" smashed" into a hundred pieces at
v . least. So it has. One day it got a fall,
* was dropped, and lay on the flooi
shivered into a heap of fragments. The
restoration, deemed impossible at first,
was undertaken for a large sum ol
money, which was paid with delight,
f for that fall brought about what yon
are now going to hear.
1 well recollect the day that my deal
father scoured it, and when he said il
was " a unique." We oonld see no
beanty in it, although we tried hard to
I- do so, and as to its uniqueness, wt
rather thought that was an advantage
for the world and for the spread oi
taste.
One day there oamo a surprise, no!
' to say a shook, for me. That queei
little Orinkleton, as the neighbors and
(' friends would call him, had bought
some now taensures and curiosities,
Alas ! a stepmother and her daughter,
They were .very designing people,
t and, I believe, frightened him into it.
He was shrinking and timorous ; li<
' would never have had oourage to oarrj
li such a soheme into execution. Thence
f forth began a new and, for me. terribli
life. They brought no money witl
them, though he was persuaded that hi
was doing what is called "a goot
thing."
W e They very soon convinced him of th<
oontrary. Two more rapaoious spoileri
B
| in the day they were making an iuven- i
11 tory of "the property" about them with
1 a cjneBtioning eye. An order was Btern- I
( 1 ly sent forth that all buying was to be i
1 I given up, and that " good money" was '
| no longer to bo squandered for rub- j
bish. Yet it oould be Been that, with
an extraordinary inconsistency, they j
' | watched jealously over every article of j
the property, counting them and tak- |
j ing good care to ascertain their value.
All our life in that houso was of a sudden
changed. Our poor dear father
seemed to shrink knd cower away under
thiB despotism. As for me, I felt
' that all happiness was gone and that I
was living in prison nnder the charge
p of jailers. Many were the little furtive
walks he took with me?I being no
( older than eight or ten years?when we
: would make our way" guiltily to tho
; narrow lane or street, to gaze at curiosities
whioh ho dared not purchase.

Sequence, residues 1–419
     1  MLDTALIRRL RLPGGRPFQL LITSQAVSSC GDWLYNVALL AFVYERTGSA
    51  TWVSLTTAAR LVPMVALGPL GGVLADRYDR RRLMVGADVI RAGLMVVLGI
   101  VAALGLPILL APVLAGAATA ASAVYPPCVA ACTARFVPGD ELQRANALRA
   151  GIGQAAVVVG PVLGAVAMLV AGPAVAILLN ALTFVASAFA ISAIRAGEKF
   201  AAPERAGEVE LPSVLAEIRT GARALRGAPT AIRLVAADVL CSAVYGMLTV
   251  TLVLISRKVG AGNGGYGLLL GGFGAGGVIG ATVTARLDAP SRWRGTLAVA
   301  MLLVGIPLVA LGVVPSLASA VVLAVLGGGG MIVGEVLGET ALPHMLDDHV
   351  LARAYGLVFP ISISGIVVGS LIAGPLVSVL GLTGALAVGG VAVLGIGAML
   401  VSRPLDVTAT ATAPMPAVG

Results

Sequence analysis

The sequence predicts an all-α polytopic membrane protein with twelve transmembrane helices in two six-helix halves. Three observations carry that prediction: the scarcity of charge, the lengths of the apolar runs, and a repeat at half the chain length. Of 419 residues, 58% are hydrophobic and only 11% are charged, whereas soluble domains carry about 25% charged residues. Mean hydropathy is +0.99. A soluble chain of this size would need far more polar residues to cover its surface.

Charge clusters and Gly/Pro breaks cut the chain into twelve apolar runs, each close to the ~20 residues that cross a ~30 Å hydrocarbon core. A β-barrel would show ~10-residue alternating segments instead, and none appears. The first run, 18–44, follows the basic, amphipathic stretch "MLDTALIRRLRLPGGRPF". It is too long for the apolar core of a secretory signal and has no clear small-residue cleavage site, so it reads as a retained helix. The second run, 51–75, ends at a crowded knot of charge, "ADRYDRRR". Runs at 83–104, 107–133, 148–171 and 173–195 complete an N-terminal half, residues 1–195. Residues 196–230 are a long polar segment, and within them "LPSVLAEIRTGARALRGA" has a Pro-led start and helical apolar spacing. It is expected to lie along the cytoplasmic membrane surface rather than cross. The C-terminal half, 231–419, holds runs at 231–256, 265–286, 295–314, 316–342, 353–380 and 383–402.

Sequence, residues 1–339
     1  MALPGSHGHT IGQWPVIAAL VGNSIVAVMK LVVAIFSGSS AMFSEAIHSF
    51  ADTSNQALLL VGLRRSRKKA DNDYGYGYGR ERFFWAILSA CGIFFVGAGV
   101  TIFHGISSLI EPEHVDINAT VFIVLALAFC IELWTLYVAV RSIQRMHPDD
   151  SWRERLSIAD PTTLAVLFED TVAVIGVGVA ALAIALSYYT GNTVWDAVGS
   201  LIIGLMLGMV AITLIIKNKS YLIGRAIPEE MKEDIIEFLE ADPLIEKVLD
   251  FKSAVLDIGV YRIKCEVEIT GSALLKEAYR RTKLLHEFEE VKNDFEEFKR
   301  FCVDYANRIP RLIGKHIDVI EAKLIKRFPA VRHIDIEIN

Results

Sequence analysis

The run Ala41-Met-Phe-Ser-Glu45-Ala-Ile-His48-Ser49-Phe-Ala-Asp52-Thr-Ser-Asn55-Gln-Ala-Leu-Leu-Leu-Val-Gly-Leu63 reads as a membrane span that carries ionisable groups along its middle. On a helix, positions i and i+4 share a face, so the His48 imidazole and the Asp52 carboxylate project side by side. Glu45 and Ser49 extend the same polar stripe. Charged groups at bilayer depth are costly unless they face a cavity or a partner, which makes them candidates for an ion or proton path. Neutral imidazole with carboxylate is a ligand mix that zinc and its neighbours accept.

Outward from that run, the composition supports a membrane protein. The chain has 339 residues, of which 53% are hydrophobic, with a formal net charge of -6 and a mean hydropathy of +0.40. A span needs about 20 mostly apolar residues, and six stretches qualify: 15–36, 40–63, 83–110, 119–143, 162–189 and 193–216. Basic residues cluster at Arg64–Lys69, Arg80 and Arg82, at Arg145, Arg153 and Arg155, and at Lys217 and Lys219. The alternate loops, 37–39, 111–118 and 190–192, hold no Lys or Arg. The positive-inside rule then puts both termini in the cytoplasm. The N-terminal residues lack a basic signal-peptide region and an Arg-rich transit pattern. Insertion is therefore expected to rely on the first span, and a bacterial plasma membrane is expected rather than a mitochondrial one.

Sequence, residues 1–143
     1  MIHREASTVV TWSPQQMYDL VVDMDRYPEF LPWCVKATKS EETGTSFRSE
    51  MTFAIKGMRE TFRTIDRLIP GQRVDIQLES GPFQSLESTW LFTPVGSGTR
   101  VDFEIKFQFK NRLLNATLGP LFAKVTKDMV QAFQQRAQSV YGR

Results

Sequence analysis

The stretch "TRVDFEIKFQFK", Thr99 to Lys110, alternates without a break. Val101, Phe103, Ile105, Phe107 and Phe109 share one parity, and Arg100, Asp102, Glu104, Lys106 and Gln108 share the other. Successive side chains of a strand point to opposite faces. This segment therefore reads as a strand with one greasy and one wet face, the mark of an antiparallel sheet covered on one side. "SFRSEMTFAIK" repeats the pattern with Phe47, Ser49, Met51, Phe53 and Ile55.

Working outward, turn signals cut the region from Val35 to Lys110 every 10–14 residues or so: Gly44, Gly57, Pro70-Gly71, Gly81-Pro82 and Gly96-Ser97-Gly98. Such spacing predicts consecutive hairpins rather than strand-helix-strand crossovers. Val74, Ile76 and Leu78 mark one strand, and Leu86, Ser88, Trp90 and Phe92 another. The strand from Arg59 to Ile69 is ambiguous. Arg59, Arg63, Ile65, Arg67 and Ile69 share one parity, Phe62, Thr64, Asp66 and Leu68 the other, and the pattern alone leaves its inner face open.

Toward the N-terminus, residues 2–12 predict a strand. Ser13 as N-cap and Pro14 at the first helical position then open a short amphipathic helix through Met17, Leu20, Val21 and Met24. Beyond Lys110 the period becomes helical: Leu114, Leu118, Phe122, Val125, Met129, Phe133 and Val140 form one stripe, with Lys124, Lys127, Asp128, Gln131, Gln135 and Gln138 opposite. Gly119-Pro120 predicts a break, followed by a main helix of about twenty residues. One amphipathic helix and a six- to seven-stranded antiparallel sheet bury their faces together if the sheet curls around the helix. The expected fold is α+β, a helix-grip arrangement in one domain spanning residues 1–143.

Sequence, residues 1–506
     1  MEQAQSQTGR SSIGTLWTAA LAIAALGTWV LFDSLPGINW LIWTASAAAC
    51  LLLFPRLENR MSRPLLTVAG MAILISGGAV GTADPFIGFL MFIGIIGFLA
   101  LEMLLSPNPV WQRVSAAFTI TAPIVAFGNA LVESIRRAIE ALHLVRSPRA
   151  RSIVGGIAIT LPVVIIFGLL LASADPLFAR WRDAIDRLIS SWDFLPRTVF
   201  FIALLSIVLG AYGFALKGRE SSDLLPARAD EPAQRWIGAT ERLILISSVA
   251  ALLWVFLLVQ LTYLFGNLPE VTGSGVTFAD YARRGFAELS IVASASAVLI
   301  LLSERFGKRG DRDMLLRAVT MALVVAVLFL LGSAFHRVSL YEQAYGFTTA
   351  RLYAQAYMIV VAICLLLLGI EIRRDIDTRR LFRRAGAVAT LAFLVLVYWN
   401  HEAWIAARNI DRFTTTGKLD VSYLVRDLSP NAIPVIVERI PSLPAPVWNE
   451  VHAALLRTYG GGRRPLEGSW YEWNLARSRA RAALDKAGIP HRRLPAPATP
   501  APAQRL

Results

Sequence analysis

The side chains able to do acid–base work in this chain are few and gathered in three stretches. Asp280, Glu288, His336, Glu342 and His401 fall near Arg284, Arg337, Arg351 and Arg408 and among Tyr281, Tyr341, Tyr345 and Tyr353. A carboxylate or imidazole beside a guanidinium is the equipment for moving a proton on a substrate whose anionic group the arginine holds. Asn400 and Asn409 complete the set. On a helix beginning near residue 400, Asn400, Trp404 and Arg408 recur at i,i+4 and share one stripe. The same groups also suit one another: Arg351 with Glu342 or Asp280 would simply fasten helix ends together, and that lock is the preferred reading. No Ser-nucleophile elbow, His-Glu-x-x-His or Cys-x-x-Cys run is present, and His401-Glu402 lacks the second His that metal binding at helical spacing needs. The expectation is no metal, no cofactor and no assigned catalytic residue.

It was miserable for me, whose hand ;
5 ' was in his, to note his wistful looks,
and even more miserable to see that j
1 this was but part o! his sufferings nn- !
' der this slavery, which grew moro and ;
more galling every day.
It was on one of those occasions that I
we spied the grotesque teapot. The j
1 oiguu uiuui^ut iuh cuior w uib cneoKB, |
t for he had nothing of that pattern in
L the collection. It was exposed in a
poor, mean little den?not a curiosity I
I 1 shop at all?a kind of huckster's place.
! Here the teapot was offered with a view :
. to finding some purchaser who would '
" use it for the purpose of making tea. !
He was enraptured with it. He could
1 at least ask the price. Four and six:
pence?worth, he said, five guineas,
and would be worth double by-and-bye.
As we went out it was offered for three
and six. -It was very tempting, but he
! resisted it then.
. , The next day he took me out with
" him for a walk, but this was for a
second inspection. He delayed long
3 ; before he oould make up his mind, but
' at last the purchase was made. Then
3 | it was to be brought home, and then ;
came the difficulty. Where was it to j
l bo placed ? for their Argus eyes would 1
detect the slightest change. But they !
had an instinct that something was 1
3 wrong. The daughter was in a parlor
window, looking up and down the
3 street, while she (I always thought of
her as though Bhe were a unique, like a
- teapot) opened the door and gave a